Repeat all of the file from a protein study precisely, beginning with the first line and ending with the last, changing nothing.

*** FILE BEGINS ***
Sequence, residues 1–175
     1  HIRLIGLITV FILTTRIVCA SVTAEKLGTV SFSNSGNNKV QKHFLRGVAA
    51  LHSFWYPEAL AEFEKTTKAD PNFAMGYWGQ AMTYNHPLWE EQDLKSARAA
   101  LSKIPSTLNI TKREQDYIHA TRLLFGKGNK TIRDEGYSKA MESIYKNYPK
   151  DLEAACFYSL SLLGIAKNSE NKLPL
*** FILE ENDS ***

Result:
Sequence, residues 1–175
     1  HIRLIGLITV FILTTRIVCA SVTAEKLGTV SFSNSGNNKV QKHFLRGVAA
    51  LHSFWYPEAL AEFEKTTKAD PNFAMGYWGQ AMTYNHPLWE EQDLKSARAA
   101  LSKIPSTLNI TKREQDYIHA TRLLFGKGNK TIRDEGYSKA MESIYKNYPK
   151  DLEAACFYSL SLLGIAKNSE NKLPL